Behind cheers of "Wes will win," Clark said, "Tomorrow is the big day. We've been working. We've been waiting. We've been meeting people all up and down this state. This is the first election I have been in because I'm not a politician. I am a leader and I need your support to bring a higher form of leadership to Washington."
Clark said because he was a southerner and not a part of the Washington establishment, he could win the White House.
"You need someone who is not an insider," he said. "The problem is in Washington and I'm not part of that problem. I'm part of the solution."
Clark said he would work to end the control special interests have over Washington and make the nation better for future generations.
"Yes, we can do it," he said. "Let's get 'em out there and do it. Go knock on doors."
Seen at the Clark rally: Washington Post columnist and super-liberal E.J. Dionne and The Nation writer and FoxNews analyst David Corn.
Both Corn and Dionne were quite friendly, chatting with people at the rally. Dionne said he was doing a story about the candidates' military service. However, he quickly disappeared after we were approached by a Clark fan who overhead Dionne and myself discussing Clark's possible involvement with the Waco debacle. The fan called it a conspiracy theory but then went on a tirade about how the Bush administration allowed the Sept. 11 attacks to occur. He pointed to a Web site by Alex Jones called "Prison Planet". Its byline?
"The earth is being turned into a prison planet."
I found Dionne's behavior to be a little strange. As a reporter, I am curious about everything I see and hear and I like getting into conversations with people who might have differing views or theories. Dionne, walking away with the look of fear on his face, instead of engaging in the conversation, was a bit peculiar. What's there to be afraid of? Aren't you a little curious about these things? Why be afraid of voters with outlandish viewpoints? Nah, too inside-the-beltway to look beyond the cocktail party safety conversation net. Too bad. The Clark kid seemed well-briefed on his theories.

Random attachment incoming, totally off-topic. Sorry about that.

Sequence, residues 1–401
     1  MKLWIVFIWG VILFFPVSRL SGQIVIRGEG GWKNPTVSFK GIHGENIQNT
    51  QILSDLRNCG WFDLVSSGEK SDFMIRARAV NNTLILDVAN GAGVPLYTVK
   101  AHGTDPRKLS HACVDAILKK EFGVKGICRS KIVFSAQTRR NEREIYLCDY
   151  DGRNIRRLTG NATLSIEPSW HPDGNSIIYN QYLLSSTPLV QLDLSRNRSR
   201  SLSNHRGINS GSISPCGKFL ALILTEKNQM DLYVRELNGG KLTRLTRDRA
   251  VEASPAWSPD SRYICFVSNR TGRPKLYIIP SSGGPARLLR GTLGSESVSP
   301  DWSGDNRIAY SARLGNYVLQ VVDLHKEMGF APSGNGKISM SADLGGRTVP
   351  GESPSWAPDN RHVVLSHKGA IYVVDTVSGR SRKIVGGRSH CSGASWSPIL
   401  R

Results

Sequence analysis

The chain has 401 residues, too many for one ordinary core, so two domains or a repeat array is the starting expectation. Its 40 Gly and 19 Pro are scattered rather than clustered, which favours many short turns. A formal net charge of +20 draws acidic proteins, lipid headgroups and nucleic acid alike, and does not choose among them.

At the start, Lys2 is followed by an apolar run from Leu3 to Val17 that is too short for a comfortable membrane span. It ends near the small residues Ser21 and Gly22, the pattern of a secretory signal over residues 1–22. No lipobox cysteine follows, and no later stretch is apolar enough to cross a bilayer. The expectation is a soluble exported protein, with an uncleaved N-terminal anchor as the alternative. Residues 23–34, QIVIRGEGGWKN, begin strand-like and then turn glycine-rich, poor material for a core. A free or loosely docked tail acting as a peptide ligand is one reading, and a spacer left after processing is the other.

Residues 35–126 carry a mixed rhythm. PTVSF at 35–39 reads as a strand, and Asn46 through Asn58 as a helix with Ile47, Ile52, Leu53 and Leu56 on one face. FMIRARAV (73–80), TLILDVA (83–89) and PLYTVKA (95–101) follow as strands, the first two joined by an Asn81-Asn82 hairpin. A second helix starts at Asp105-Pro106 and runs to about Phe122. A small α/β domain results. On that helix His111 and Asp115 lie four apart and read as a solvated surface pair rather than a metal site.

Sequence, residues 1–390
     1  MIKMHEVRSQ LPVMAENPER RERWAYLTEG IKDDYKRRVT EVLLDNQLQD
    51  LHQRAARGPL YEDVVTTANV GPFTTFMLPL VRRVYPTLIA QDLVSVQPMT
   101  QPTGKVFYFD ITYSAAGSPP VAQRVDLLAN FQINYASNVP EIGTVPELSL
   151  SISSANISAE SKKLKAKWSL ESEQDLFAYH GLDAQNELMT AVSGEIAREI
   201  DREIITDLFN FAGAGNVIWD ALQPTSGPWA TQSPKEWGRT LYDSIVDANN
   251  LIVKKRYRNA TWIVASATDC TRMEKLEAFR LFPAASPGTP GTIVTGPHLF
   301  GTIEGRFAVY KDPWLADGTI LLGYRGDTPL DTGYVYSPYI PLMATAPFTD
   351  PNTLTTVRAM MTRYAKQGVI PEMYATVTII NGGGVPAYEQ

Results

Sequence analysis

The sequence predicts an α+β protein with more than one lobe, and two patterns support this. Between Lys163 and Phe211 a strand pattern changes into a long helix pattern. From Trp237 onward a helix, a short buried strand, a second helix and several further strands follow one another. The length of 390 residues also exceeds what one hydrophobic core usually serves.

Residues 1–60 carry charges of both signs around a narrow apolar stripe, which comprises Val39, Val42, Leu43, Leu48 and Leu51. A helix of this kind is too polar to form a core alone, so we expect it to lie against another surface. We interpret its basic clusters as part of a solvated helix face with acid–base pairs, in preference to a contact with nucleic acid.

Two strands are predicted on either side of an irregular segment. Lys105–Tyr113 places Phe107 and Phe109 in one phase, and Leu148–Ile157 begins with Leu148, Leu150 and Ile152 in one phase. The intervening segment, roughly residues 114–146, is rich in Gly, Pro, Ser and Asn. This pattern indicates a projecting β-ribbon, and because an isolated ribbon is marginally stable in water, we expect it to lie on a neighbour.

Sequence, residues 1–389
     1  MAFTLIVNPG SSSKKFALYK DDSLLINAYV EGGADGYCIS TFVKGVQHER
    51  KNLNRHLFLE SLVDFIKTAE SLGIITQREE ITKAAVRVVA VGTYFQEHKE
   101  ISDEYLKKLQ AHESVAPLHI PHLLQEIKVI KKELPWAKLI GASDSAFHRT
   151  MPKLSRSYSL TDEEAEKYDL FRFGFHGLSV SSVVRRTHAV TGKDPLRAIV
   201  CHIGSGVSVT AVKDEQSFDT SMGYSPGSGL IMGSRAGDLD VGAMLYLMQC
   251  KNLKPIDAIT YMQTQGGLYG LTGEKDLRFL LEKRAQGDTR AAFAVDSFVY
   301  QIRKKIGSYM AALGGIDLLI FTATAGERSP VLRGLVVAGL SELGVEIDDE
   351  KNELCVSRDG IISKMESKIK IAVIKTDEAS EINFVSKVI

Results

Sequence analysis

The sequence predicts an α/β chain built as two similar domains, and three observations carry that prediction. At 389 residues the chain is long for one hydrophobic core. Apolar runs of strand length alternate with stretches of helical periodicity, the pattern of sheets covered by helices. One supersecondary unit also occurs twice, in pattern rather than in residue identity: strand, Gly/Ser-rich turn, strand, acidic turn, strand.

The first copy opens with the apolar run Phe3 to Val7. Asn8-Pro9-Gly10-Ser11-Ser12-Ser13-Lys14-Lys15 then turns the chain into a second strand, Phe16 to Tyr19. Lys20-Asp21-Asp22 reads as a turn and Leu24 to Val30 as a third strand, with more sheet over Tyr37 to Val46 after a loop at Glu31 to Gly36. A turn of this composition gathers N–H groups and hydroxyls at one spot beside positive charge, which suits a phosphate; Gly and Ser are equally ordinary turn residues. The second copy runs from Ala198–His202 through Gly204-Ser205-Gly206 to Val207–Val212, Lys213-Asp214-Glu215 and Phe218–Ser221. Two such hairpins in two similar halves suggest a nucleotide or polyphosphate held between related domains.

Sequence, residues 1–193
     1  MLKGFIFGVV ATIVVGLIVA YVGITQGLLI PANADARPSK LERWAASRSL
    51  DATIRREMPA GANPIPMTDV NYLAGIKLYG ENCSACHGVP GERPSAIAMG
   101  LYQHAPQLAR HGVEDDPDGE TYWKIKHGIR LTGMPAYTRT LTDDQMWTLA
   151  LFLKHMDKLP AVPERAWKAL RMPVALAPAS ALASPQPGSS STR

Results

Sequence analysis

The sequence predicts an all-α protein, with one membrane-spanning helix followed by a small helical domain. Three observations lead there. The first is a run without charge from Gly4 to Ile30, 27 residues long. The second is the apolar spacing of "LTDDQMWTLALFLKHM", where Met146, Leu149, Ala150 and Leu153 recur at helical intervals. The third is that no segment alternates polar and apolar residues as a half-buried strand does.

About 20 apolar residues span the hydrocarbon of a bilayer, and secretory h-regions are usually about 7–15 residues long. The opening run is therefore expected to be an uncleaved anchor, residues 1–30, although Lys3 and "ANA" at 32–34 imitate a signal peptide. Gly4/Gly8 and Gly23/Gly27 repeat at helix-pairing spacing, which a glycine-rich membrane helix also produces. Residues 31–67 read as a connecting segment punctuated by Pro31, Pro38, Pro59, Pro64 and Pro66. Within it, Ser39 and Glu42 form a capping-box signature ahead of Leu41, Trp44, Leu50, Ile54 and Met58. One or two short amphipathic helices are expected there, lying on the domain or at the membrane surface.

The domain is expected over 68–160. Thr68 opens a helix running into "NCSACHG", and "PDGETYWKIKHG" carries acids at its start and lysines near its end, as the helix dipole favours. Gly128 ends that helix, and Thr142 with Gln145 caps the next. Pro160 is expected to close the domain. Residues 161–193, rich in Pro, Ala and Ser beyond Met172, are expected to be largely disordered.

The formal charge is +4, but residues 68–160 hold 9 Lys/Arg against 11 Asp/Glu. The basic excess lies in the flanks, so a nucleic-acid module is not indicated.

Also at the Clark rally were Dick Osborne, the former owner of WKXL 1450, the city's oldest radio station, former Nader 2000 activist Carol Hargrove, and Arnie Alpert, a progressive activist with the American Friends Service Committee. Alpert was handing out leaflets to the media about a new New Hampshire Fair Trade Campaign statement supported by 30 different state organizations. The theme? The majority of Americans are critical of the government's trade policy.
"The failed NAFTA model must be replaced by new rules that respect workers, the environment, and human rights both here and abroad," Alpert stated on the press release.

Clark admits to targeting civilians in Balkans
Wow, this is huge: ["Democracy Now! Exclusive: Wesley Clark Admits Targeting Civilians In Yugoslavia"]. Now, will anyone have the balls to ask him whether he helped train the ATF to kill the Branch Davidians at Waco when he was in command of Ft. Hood? The silence is deafening.

Dirty tricks
Dean blames Kerry, Democrats worry about Republicans: ["Dean Hits Kerry's Judgment, Raises 'Dirty Tricks'"].
Dean spokesman Jay Carson said Monday that New Hampshire supporters of Dean had received phony campaign material by fax and e-mail that distorted Dean's positions. In Michigan, the campaign blamed Kerry allies for a flyer it said had lied and distorted Dean's stands on environment, energy, gun rights, the death penalty and higher education.
And then there is this from Karen Hicks of the Dean campaign on Sunday: